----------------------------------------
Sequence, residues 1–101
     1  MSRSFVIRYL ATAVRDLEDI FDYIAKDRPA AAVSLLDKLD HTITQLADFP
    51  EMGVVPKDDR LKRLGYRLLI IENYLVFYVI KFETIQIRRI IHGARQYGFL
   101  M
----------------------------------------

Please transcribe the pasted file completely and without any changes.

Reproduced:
Sequence, residues 1–101
     1  MSRSFVIRYL ATAVRDLEDI FDYIAKDRPA AAVSLLDKLD HTITQLADFP
    51  EMGVVPKDDR LKRLGYRLLI IENYLVFYVI KFETIQIRRI IHGARQYGFL
   101  M